The angle of the light
Among the more wondrous moments of 2020 was the appearance of the “Christmas star” in the early evening southwestern sky. People from many walks of life and across the planet took note of that infrequent conjunction of Jupiter and Saturn – the solar system’s two largest planets – aligning with the Earth. Not in 400 years has the alignment been so close; not in 800 years have Earth-bound observers had such a good view of it. And this time, it happened just four days before Christmas. Wondrous.
Our neighbor across the street and two doors up has a very bright light in her backyard. Several years ago, I was given a lovely piece of stained-glass art that we have hung in a window by the reading chair in the loft off our bedroom. At night, the neighbor’s security light beams through that window and the art piece, casting a magnified image of the stained-glass heart onto the bedroom wall, like a luminous testimonial to love. Wondrous.
The security equipment. The glass heart. This house. That window, just there. None of those things was created or put in place in relationship to any of the others. Each has its own story and meaning and independent significance. Yet together, the angle of the light makes so much more out of them, for those who will notice.
Jupiter. Saturn. Earth. The sun. The Gregorian calendar. Christian holidays. These, too, follow their relatively independent orbits and journeys and rhythms and patterns, each set in its place by its particular dynamics. Yet together, the angle of the light in this December gave them a collective significance that meant so much more for those who would notice.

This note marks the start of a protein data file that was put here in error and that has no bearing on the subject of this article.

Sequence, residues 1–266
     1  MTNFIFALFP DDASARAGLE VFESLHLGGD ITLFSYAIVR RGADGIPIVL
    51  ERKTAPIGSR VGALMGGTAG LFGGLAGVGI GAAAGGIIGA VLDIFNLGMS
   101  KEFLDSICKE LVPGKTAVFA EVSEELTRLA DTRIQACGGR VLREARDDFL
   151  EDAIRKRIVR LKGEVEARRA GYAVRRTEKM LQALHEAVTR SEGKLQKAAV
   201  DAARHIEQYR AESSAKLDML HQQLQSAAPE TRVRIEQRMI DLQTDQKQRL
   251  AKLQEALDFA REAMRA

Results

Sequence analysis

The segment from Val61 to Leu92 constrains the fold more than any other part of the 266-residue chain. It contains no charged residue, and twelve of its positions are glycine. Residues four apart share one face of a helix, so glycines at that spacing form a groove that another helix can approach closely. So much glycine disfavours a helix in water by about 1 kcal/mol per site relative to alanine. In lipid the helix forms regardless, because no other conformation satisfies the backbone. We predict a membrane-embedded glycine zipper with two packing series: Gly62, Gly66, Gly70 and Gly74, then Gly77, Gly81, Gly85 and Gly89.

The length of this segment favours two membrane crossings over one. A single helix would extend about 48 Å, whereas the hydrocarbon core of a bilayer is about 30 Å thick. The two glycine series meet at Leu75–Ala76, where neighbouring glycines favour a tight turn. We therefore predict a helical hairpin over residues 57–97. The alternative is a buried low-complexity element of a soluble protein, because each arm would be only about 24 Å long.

Epiphany is the season of revelation. For the half-dozen or so weeks after Christmas, Christians celebrate the many ways in which Jesus is revealed to the world as the messiah, son of God, savior. The biblical stories during Epiphany tell of heaven breaking open and miracles and healings and Jesus’s extraordinary teaching and interpretation of God’s word. These can make it seem that revelation is only something spectacular, out of the ordinary. For many of us, it can seem that the time of revelation is largely past. Where are the healings, the miracles, the voices from heaven, the clear teaching of truth today?
A closer look at the biblical stories, though, will show that it wasn’t all so plain and simple back then, either. The stories of Jesus’s baptism only hint at the possibility that anyone other than Jesus saw the heavens open and the dove descend. Not all who listened to Jesus teach thought he brought the truth. Some accused him of healing by the power of the devil, not of God. It is the gospel writers and their communities who, in Luke’s words, “write … so that you may know the truth concerning these things” and, in John’s words, tell of “signs … written so that you may come to believe that Jesus is the Messiah.”
Jesus did not bring God into the world. Jesus did not bring revelation into the world. God and the truth about the world are in the world from the very beginning, from and in creation. What Jesus brought, just like what God brought to the Jews in the Exodus and through their wilderness experience, is a light. That light shows the alignment of creation with God’s will and casts its image across our lives. If we ignore the light, things seem chaotic, random, and meaningless. With it, we see that this is God’s world, we are God’s people, and our hope is in God’s future. It is not a question, whether or not God is present and active; it’s all in the angle of the light.
-Peter A. Pettit, teaching pastor